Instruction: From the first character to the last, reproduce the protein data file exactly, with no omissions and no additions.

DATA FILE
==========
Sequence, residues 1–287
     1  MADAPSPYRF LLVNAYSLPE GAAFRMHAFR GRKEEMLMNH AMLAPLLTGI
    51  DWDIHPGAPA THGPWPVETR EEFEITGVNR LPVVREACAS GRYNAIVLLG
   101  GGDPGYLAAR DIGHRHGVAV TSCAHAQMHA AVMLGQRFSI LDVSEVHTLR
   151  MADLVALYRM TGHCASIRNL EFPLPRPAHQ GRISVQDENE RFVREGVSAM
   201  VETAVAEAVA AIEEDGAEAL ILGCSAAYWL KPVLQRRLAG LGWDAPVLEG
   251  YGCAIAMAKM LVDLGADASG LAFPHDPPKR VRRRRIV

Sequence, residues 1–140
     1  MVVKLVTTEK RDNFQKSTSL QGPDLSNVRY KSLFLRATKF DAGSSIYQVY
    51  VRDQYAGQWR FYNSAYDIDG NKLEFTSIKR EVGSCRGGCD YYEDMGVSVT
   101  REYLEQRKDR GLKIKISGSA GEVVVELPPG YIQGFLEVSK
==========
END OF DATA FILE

Sequence, residues 1–287
     1  MADAPSPYRF LLVNAYSLPE GAAFRMHAFR GRKEEMLMNH AMLAPLLTGI
    51  DWDIHPGAPA THGPWPVETR EEFEITGVNR LPVVREACAS GRYNAIVLLG
   101  GGDPGYLAAR DIGHRHGVAV TSCAHAQMHA AVMLGQRFSI LDVSEVHTLR
   151  MADLVALYRM TGHCASIRNL EFPLPRPAHQ GRISVQDENE RFVREGVSAM
   201  VETAVAEAVA AIEEDGAEAL ILGCSAAYWL KPVLQRRLAG LGWDAPVLEG
   251  YGCAIAMAKM LVDLGADASG LAFPHDPPKR VRRRRIV

Sequence, residues 1–140
     1  MVVKLVTTEK RDNFQKSTSL QGPDLSNVRY KSLFLRATKF DAGSSIYQVY
    51  VRDQYAGQWR FYNSAYDIDG NKLEFTSIKR EVGSCRGGCD YYEDMGVSVT
   101  REYLEQRKDR GLKIKISGSA GEVVVELPPG YIQGFLEVSK